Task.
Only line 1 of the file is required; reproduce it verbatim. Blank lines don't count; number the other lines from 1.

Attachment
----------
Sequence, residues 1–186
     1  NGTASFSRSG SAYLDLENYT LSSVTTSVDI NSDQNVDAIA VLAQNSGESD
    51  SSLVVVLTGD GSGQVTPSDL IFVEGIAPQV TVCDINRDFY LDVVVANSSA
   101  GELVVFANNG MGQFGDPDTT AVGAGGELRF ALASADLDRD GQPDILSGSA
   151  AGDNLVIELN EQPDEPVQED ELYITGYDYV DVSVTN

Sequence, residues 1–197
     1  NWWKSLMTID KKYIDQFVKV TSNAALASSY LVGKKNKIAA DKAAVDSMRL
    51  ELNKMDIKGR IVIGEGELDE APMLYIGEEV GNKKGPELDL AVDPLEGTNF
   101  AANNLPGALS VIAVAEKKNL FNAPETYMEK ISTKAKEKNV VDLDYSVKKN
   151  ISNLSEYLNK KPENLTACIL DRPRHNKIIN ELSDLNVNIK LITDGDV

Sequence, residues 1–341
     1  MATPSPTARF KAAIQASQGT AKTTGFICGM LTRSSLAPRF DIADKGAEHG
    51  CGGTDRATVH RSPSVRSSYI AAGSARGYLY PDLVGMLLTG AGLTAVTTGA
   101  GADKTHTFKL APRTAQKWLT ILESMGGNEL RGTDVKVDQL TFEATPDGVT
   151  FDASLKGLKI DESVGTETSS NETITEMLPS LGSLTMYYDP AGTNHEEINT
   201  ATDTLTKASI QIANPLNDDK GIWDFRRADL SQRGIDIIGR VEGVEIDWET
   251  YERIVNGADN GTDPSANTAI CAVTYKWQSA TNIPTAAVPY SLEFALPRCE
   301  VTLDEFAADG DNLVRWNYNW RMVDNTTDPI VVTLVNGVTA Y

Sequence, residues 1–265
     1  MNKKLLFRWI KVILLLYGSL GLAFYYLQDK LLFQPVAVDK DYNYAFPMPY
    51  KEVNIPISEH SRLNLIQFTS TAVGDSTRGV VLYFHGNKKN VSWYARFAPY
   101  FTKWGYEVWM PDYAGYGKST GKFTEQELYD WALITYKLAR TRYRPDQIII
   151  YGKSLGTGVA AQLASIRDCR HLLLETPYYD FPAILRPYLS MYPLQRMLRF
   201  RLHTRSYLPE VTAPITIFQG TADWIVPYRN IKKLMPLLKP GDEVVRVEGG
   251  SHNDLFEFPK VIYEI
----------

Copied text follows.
Sequence, residues 1–186